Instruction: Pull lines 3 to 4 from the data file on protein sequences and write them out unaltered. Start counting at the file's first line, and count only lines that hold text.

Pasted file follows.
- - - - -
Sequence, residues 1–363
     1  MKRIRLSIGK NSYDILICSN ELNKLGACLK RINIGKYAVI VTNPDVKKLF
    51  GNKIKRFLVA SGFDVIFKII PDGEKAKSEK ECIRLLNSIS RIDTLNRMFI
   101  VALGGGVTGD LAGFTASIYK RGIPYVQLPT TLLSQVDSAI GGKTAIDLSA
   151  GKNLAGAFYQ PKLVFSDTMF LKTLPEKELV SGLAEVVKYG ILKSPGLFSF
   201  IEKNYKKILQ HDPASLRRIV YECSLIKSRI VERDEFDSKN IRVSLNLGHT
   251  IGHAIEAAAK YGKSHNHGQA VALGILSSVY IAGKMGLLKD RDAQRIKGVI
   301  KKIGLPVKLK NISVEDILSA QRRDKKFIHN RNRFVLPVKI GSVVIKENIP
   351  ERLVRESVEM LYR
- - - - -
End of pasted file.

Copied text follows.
    51  GNKIKRFLVA SGFDVIFKII PDGEKAKSEK ECIRLLNSIS RIDTLNRMFI
   101  VALGGGVTGD LAGFTASIYK RGIPYVQLPT TLLSQVDSAI GGKTAIDLSA